Tuesday, August 25

Does Jesus Command Us To Succeed? Part 2

Continued from yesterday . . .

How Does God Define Success?

Jesus never asked a disciple to be successful. He asked us to be faithful.

In our society, only a few can be rich, powerful, at the top of things. In the Kingdom of God, all can serve with honor, all can be faithful, and many can be great. Why? Jesus says that those who serve will be greatest in the kingdom.

Not only is serving the way to God’s upside-down definition of success, but God uses failures. Again and again in scripture and in history we see that great men and women of God endured great hardship and disappointment. They did not get their “first wish.” They were not necessarily the most talented. God has often used “losers” who believed in him to get things done:

· God used a failed Egyptian second-rate aristocrat, whose career was crippled because he was not the right race and he committed a serious crime: Moses.

· God used a Hebrew boy whose homeland was ravaged by war, who was carried off captive and forced to work for the empire that had broken his dreams. But God gave him new dreams: Daniel.

· God used a British boy who was kidnapped and forced into slavery for ten years or more. This boy ran away from his masters and tried to become a priest, but his academic record was so bad and his past was believed to be so questionable that when he applied for a missionary assignment he was at first rejected by the church as incompetent: St. Patrick, the evangelist of pagan Ireland in the fifth century.

· God used a coal-miner’s son who had become a neurotic monk, fearful and angry at the God who knew and punished every sin. And in his quest for righteousness, he re-discovered the message of grace through Christ: Martin Luther, the founder of the Reformation.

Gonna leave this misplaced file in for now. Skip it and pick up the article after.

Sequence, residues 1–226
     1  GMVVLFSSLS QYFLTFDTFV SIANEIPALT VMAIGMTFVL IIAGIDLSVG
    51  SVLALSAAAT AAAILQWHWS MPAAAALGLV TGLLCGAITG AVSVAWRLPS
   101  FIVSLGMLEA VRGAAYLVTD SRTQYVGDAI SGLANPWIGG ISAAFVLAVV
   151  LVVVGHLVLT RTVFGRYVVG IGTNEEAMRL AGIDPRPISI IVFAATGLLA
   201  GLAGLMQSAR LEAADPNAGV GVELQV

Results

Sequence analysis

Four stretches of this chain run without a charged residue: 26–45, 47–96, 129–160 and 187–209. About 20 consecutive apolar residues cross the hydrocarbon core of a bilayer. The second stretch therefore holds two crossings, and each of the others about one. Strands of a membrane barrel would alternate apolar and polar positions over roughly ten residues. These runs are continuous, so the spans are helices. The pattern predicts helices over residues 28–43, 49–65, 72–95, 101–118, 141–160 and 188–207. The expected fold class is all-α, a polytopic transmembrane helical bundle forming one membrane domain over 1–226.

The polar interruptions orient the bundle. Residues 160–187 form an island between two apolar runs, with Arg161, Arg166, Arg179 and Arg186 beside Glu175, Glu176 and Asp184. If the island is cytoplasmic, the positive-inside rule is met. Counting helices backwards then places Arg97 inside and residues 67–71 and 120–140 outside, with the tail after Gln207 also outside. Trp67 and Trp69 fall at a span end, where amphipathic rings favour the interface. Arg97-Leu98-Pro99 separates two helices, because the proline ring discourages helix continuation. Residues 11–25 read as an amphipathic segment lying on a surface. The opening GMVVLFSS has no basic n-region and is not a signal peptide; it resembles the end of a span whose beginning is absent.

But one of my real heroes is a nineteenth century Christian named William Wilberforce. He was a young aristocrat, a member of British Parliament. He had been converted to Christianity as an adult, and wanted to do something useful with his life. He and his friends decided to address the problem of the British trade in slavery, shipping the human cargo from Africa to the West Indies.

In 1787, he decided to bring the cause of Abolition before Parliament in early February 1788. In January 1788, Wilberforce fell so sick that his doctor gave him less than a year to live. He recovered, but did not appear again in Parliament for 11 months.

In May of the next year (1789) he finally brought before Parliament a measure to abolish trade in slaves altogether by British shipping and merchants. His opponents argued the House did not have enough evidence to draw a conclusion, and the resolution was dropped.

The next year (1790) Wilberforce managed to get Parliament to agree to investigate the slave trade, and testimony both for and against the slave trade was heard—enough to fill over ten thousand folio pages. The issue was debated in Parliament a year later (1791). One of the opponents of Abolition (a Colonel Tarleton of Liverpool) tried to trash Wilberforce by saying that his band believed they were led by “a religious inspiration”, obviously implying they were fanatics! The pro-slavery forces argued that the abolitionists were all misinformed. Slaves were well treated; hardly any died on the voyage from Africa; they really lived happy lives. And the vote to abolish the slave trade failed.

Wilberforce made no secret of the fact that he was motivated by faith in God: “There is a principle above everything that is political. And when I reflect on the command that says, ‘thou shalt do no murder’, believing the authority to be divine, how can I dare set up any reasonings of my own against it? And, Sir, when we think of eternity, and of the future consequences of all human conduct, what is there in this life which should make any man contradict the principles of his own conscience, the principles of justice, the laws of religion, and of God?”